Hook, I explained to Captain Alden that my mission was ended,
because I believed by substituting myself for General Grant I had
prevented a serious quarrel between him and the Administration,
which was unnecessary. We reached Havana on the 18th, with nothing
to vary the monotony of an ordinary sea-voyage, except off Hatteras
we picked up one woman and twenty men from open boats, who had just
abandoned a propeller bound from Baltimore to Charleston which
foundered. The sea was very rough, but by the personal skill and
supervision of Captain Alden every soul reached our deck safely,
and was carried to our consul at Havana. At Havana we were very
handsomely entertained, especially by Senor Aldama, who took us by
rail to his sugar-estates at Santa Ross, and back by Matanzas.
We took our departure thence on the 25th, and anchored under Isla
Verde, off Vera Cruz, on the 29th.
Everything about Vera Cruz indicated the purpose of the French to
withdraw, and also that the Emperor Maximilian would precede them,
for the Austrian frigate Dandolo was in port, and an Austrian bark,
on which were received, according to the report of our consul, Mr.
Lane, as many as eleven hundred packages of private furniture to be
transferred to Miramar, Maximilian's home; and Lieutenant Clarin,
of the French navy, who visited the Susquehanna from the French
commodore, Clouet, told me, without reserve, that, if we had
delayed eight days more, we would have found Maximilian gone.
General Bazaine was reported to be in the city of Mexico with about
twenty-eight thousand French troops; but instead of leaving Mexico
in three detachments, viz., November, 1866, March, 1867, and
November, 1867, as described in Mr. Seward'a letter to Mr.
Campbell, of October 25, 1866, it looked to me that, as a soldier,
he would evacuate at some time before November, 1867, all at once,
and not by detachments. Lieutenant Clarin telegraphed Bazaine at
the city of Mexico the fact of our arrival, and he sent me a most
courteous and pressing invitation to come up to the city; but, as
we were accredited to the government of Juarez, it was considered
undiplomatic to establish friendly relations with the existing
authorities. Meantime we could not hear a word of Juarez, and
concluded to search for him along the coast northward. When I was
in Versailles, France, July, 1872, learning that General Bazaine
was in arrest for the surrender of his army and post at Metz, in
1870, I wanted to call on him to thank him for his courteous
invitation to me at Vera Cruz in 1866. I inquired of President
Thiera if I could with propriety call on the marshal. He answered
that it would be very acceptable, no doubt, but suggested for
form's sake that I should consult the Minister of War, General de
Cissey, which I did, and he promptly assented. Accordingly, I
called with my aide, Colonel Audenried, on Marshal Bazaine, who
occupied a small, two-story stone house at Versailles, in an
inclosure with a high garden wall, at the front gate or door of
which was a lodge, in which was a military guard. We were shown to
a good room on the second floor, where was seated the marshal in
military half-dress, with large head, full face, short neck, and
evidently a man of strong physique. He did not speak English, but
spoke Spanish perfectly. We managed to carry on a conversation in
which I endeavored to convey my sense of his politeness in inviting
me so cordially up to the city of Mexico, and my regret that the
peculiar duty on which I was engaged did not admit of a compliance,
or even of an intelligent explanation, at the time. He spoke of
the whole Mexican business as a "sad affair," that the empire
necessarily fell with the result of our civil war, and that poor
Maximilian was sacrificed to his own high sense of honor.
While on board the Susquehanna, on the 1st day of December, 1866,
we received the proclamation made by the Emperor Maximilian at
Orizaba, in which, notwithstanding the near withdrawal of the
French troops, he declared his purpose to remain and "shed the last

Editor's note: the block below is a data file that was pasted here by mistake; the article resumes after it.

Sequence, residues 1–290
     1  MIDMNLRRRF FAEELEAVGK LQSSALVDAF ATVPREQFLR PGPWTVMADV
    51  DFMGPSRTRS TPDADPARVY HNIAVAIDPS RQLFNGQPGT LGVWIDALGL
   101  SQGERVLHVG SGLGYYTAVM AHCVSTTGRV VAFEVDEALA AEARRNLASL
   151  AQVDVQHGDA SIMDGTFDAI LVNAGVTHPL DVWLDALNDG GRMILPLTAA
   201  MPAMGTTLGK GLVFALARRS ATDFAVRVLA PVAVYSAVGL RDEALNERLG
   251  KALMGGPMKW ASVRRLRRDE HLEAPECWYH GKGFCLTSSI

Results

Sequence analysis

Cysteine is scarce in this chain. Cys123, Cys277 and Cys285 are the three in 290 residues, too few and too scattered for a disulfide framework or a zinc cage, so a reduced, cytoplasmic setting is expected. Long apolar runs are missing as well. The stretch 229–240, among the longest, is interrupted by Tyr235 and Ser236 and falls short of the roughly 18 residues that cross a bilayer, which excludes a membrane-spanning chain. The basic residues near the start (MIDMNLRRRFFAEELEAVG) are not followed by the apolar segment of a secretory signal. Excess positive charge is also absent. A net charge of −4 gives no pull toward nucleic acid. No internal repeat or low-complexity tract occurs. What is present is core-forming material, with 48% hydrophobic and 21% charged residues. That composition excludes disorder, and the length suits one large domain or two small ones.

drop of his blood in defense of his dear country." Undoubtedly
many of the most substantial people of Mexico, having lost all
faith in the stability of the native government, had committed
themselves to what they considered the more stable government of
Maximilian, and Maximilian, a man of honor, concluded at the last
moment he could not abandon them; the consequence was his death.
Failing to hear of Juarez, we steamed up the coast to the Island of
Lobos, and on to Tampico, off which we found the United States
steamer Paul Jones, which, drawing less water than the Susquehanna,
carried us over the bar to the city, then in possession of the
Liberal party, which recognized Juarez as their constitutional
President, but of Juarez and his whereabout we could hear not a
word; so we continued up the coast and anchored off Brazos
Santiago, December 7th. Going ashore in small boats, we found a
railroad, under the management of General J. R. West, now one of
the commissioners of the city of Washington, who sent us up to
Brownsville, Texas. We met on the way General Sheridan, returning
from a tour of inspection of the Rio Grande frontier. On Sunday,
December 9th, we were all at Matamoras, Mexico, where we met
General Escobedo, one of Juarez's trusty lieutenants, who developed
to us the general plan agreed on for the overthrow of the empire,
and the reestablishment of the republican government of Mexico. He
asked of us no assistance, except the loan of some arms,
ammunition, clothing, and camp-equipage. It was agreed that Mr.
Campbell should, as soon as he could get his baggage off the
Susquehanna, return to Matamoras, and thence proceed to Monterey,
to be received by Juarez in person as, the accredited Minister of
the United States to the Republic of Mexico. Meantime the weather
off the coast was stormy, and the Susquehanna parted a cable, so
that we were delayed some days at Brazos; but in due time Mr.
Campbell got his baggage, and we regained the deck of the
Susquehanna, which got up steam and started for New Orleans. We
reached New Orleans December 20th, whence I reported fully
everything to General Grant, and on the 21st received the following
WASHINGTON, December 21,1866.
Lieutenant-General SHERMAN, New Orleans.
Your telegram of yesterday has been submitted to the President.
You are authorized to proceed to St. Louis at your convenience.
Your proceedings in the special and delicate duties assigned you
are cordially approved by the President and Cabinet and this
EDWIN M. STANTON.
And on the same day I received this dispatch
GALVESTON, December 21, 1866.
To General SHERMAN, or General SHERIDAN.
Will be in New Orleans to-morrow. Wish to see you both on arrival,
on matters of importance.
LEWIS D. CAMPBELL, Minister to Mexico.
Mr. Campbell aarived on the 22d, but had nothing to tell of the
least importance, save that he was generally disgusted with the
whole thing, and had not found Juarez at all. I am sure this whole
movement was got up for the purpose of getting General Grant away
from Washington, on the pretext of his known antagonism to the
French occupation of Mexico, because he was looming up as a
candidate for President, and nobody understood the animus and
purpose better than did Mr. Stanton. He himself was not then on
good terms with President Johnson, and with several of his
associates in the Cabinet. By Christmas I was back in St. Louis.